“I can not tell you how many times I marched right back into the pen and took him back into the barn thinking, ‘Not today, Buns. Not today.’ I was not taking any chances, or giving Buns any chances, of re-injury.
If you’ve been following the articles about Funny Bunny B’s complex injury, you know he has a long road to recovery ahead of him. If you haven’t had the chance to read about the nightmare, here’s a recap: On October 7, 2019, Funny Bunny B (Buns) sustained an injury to his right hind leg. He has a fracture, torn tendon and soft tissue damage.
On his journey to recovery I, along with In Stable Hands, have faced many challenges and educational topics that I would like to share. We’ve faced and discussed proud flesh, the fracture, the tendon damage and maintaining a healthy weight. The next issue we’re combating is rehabilitation exercise.
Rehabbing an injury of any specificity has similar interventions for optimal healing and Funny Bunny B’s rehab is no different. I need to build a foundation and then build on that foundation to provide beneficial outcomes in Buns’ healing. If I did not start with over simplified steps and continue to add to it, I’d be setting up Buns for failure. While he may appear healed in the near future, not taking the proper steps now will create weakness in the injured area later down the road.
Baby steps are going to be our key to success to a full recovery. The two exercises that In Stable Hands and I have started with Buns may not sound like much, but it’s the beginning stages to hopefully full recovery. These two exercises are hand walking and turnout.
In Stable Hands and I have put a lot of effort into making sure Buns has had adequate time outside of his stall daily.
From day one of his injury, Buns has been out of his stall for small increments of time. At the very beginning we would walk the aisle of the barn down to the crossties for his daily dressing changes. Over the past few months, these small walks down the aisle have evolved into hand walking around the property.
As much as we liked to believe that Buns was getting his daily dose of “free time,” walks down the aisle were not enough to fulfill his desire to be outdoors. Buns wants to be outside with his friends. You can only imagine how pent up he feels being in his stall for approximately 23 hours per day.
On most walks Buns would explode. Without any warning he would start rearing and bucking while on the lead line, dragging me across the farm like a rag doll. What happened to my quiet, calm, well-mannered horse? He’s gone from partner of the year, all around extraordinary horse, to a cabin fever ridden, ticking time bomb. His flavorful tricks while he was on his walks has scared away the barn helper, leaving her intimidated and weary of handling him.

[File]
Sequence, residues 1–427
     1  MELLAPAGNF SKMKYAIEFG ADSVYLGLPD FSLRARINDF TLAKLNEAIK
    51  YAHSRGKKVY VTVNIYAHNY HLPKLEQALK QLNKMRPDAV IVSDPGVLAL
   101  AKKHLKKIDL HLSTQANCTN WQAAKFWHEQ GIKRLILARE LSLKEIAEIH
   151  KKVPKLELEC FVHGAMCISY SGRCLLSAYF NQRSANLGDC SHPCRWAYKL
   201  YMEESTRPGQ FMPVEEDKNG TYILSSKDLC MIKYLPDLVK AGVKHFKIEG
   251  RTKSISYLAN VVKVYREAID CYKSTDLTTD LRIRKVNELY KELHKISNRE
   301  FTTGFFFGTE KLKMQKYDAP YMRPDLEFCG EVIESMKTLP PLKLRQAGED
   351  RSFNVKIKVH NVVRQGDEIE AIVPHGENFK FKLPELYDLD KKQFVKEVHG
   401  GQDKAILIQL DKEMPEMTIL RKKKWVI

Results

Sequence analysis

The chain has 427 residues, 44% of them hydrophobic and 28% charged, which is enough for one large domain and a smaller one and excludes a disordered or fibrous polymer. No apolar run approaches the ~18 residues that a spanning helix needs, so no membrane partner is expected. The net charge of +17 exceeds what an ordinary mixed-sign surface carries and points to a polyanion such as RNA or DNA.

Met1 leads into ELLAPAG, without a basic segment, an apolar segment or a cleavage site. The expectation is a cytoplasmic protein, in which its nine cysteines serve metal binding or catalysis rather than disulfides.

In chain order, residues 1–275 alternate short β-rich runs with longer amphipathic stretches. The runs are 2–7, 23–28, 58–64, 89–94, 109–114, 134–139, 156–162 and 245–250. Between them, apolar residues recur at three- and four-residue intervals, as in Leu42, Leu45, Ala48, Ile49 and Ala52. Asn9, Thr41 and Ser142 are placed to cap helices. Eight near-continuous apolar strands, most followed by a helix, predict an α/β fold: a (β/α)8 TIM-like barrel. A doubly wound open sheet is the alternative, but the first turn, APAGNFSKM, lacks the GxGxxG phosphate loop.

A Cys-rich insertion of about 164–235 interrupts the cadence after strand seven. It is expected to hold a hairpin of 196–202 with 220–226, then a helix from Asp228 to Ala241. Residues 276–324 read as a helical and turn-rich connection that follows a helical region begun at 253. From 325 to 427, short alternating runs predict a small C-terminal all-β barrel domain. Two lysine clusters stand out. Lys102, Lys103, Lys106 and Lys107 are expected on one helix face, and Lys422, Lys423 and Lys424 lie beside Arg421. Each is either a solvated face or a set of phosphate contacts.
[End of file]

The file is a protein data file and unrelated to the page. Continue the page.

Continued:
Day after day I attempted to give him enough walking time to suppress the urge to go full out nutty but walking just wasn’t cutting it for him. Thank goodness we’re passed the hand walking stage!
Hand walking Buns – the video before he blows up!
Small Turnout Area
As the weeks have turned into months, we have slowly introduced Buns to small amounts of turnout. I’m not going to lie, the first few times I was worried sick that he was going to sustain another injury with how insane he was acting.
The space was only five round pen panels big — just enough space for him to turn around and stretch his legs. That space was also enough for his large, athletic, energy struck self to buck and rear in place as if he was never injured.
I can not tell you how many times I marched right back into the pen and took him back into the barn thinking, “Not today, Buns. Not today.” I was not taking any chances, or giving Buns any chances, of re-injury.
Buns started out in the small turn out area just long enough for his stall to be cleaned. As the weeks went on we gradually increased his turnout time to a couple hours. Being out for a couple hours daily has calmed him down and he has returned to the quiet, respectful horse I remember him to be.
Over time, as he calmed down, we added more panels, giving him space to walk around freely. Now that he is quietly walking around, his turn out time is longer than the amount of time he spends in his stall.
The turn out and walks seem to be improving swelling at the injury site. While out of his stall, Buns has next to no swelling at the injury site. Recently, while in his stall because of slippery footing conditions outside, the injured leg has stocked up again. Once back on turn out though, the swelling goes down and the leg looks normal again.
Over the next few weeks our goals are to keep the swelling down by using Red Light Therapy, wrapping the area for support, optimizing turn out time and cold hosing the leg.
A follow up appointment with the veterinarian will also be scheduled to obtain a better idea of how Buns is healing. This will give In Stable Hands and me a better idea of how he’s healing and what steps need to be taken next to continue treating the injury for the best possible outcome.
Hopefully the new year brings a speedy recovery with a positive prognosis as we continue to put our time and effort into his well being.